“kuai kuai kaui!” is the mantra you hear along the streets of Beijing, where there is not a market: Beijing is a market.
Luxury market at Xidan Square, Wang Fu Jing or the Village in San Li Tun; antique market at Liu Li Chang; fake market at the Ya Shou or at the Silk Market in Guo Mao; farmers’ market through the secondary streets full of villagers that come at night riding their horses and run away every time the police arrives; sex market inside the red light massages parlors.
I detailed the Chinese Railways system in a previous post. The trains connect all China (even Lhasa, the capital of Tibet), they are cheap and always on time. All main towns have modern subway systems and where this is not true, as in Hangzhou, they are building it.
At night my favorite way to travel is by taxi. You find them everywhere and the price are quite affordable (about ten euros for an hour). Also, during my (almost) two years in China I never met a taxi driver that tried to scam me. You only need to pay attention to the “black taxis” but they are usually quite easy to spot as they do not have “official” badges.
I’ve traveled around this country, often alone; I’ve crossed the back alleys of Shanghai, Pechino, Chengdu, Nanjing and Gunagzhou at four a.m.; I’ve argued in several clubs for “women matters” with quite annoying (AKA jealous) Chinese guys; and so on… I know these are not really “dangerous” actions, I’m not trying to appear as Indiana Jones. My point is that I’ve been around for a while and I NEVER had any problems: I never saw a bag snatch, nobody never tried to intimidate me for a dime (if you have ever been near The Central Station of Milan you know what I’m talking about, just to name a place). Even the fights in the clubs are quite rare, when compared with the ones you see in the West.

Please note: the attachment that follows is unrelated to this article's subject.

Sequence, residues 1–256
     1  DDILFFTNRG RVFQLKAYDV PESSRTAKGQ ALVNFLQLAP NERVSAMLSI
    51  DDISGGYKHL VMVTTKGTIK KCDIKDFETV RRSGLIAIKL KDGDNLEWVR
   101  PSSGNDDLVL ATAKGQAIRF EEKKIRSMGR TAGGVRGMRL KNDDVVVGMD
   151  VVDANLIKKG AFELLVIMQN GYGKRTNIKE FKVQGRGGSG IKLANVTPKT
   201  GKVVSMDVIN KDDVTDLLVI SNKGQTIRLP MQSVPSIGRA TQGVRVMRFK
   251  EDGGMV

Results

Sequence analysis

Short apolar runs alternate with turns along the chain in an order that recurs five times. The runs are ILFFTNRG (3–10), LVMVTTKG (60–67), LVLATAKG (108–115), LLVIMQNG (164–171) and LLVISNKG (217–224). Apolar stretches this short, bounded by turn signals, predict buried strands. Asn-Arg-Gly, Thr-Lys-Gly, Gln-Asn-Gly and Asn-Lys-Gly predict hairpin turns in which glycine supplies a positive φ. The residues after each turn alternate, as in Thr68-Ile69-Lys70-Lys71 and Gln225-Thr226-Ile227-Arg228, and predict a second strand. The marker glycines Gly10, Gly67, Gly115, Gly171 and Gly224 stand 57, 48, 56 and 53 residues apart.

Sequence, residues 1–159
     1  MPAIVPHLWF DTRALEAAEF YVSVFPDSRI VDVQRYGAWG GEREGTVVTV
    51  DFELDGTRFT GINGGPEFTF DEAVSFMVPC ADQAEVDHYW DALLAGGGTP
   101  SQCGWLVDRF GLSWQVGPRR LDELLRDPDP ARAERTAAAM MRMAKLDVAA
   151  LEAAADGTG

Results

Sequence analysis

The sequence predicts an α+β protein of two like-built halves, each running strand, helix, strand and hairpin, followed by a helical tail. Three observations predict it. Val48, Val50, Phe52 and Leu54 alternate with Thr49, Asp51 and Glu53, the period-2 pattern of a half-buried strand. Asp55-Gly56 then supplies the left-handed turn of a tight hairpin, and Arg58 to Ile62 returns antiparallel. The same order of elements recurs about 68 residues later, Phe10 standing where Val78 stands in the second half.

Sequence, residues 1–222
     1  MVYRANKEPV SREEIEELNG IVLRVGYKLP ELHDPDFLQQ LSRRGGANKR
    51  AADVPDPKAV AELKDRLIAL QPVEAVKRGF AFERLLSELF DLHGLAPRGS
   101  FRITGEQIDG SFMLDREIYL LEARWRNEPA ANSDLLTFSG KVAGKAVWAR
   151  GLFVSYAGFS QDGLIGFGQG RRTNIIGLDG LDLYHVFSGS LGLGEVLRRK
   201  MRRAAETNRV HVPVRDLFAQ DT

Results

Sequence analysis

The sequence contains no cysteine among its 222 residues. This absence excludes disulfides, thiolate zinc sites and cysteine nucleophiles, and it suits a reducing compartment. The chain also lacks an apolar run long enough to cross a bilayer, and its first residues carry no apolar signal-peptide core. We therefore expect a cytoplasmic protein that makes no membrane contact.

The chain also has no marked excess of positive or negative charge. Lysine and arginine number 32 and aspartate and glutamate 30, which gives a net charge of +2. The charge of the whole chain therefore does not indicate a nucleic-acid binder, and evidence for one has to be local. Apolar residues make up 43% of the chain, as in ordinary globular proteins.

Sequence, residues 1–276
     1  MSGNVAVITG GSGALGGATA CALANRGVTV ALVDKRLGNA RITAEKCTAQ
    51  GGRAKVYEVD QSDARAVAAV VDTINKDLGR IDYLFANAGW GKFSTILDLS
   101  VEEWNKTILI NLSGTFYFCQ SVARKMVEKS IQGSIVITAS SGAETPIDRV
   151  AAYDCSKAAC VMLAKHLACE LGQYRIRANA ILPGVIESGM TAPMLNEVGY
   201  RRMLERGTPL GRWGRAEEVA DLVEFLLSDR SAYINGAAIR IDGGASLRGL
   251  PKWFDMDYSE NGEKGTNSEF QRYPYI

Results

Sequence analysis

Now do not think China is the Fairy Kingdom, you need to be careful as everywhere else. However, the mainly risks here seem to be the classic scams for tourists that you can avoid with a bit of common sense.
What I want to say is that nowadays I feel much more safer in China that in any Western metropolis, no matters if the reason is the massive presence of the police in the streets, the harsh sentences for any crimes (especially the ones against foreigners that make lose face to the whole country) or the fairness almost naïve (from the point of view of an Italian, at least) of many Chinese.
“Police man” in Chengdu, the capital of pandas.
The big Chinese mess
Even if I love to go back to Italy for holidays, after two weeks far away from China I start to miss what I call “The big Chinese mess,” which is somehow difficult to describe and would be reductive to define as a “huge crowd.” Nope, you can find a crowd of people also in London, Paris or New York. But a Chinese crowd is unpredictable, chaotic, almost in unstable equilibrium.
It always seems something is going to happen, a fight for a girl, a fire caused by a vendor of roasted potatoes, a riot because of an injustice. And you must always push, claim your space, pay attention to do not be knocked down by a three-wheeler full of giant bottles of water. It always seems there are too many people, too much noise, too much goods on the sidewalks and too many bikes on the streets.
But at the end nothing happens, the traffic regulates by itself, the fights almost never starts, someone switches off the fire before it becomes too big and everyone keeps going on his way.
China, a country that surprises you everyday, makes boil the blood on your arteries and makes you feel part of the world that is changing, part of the history.
Vendors of roasted potatoes.
Dulcis in fundo… The women
Ahhh Chinese women… let’s see the details another time ; – )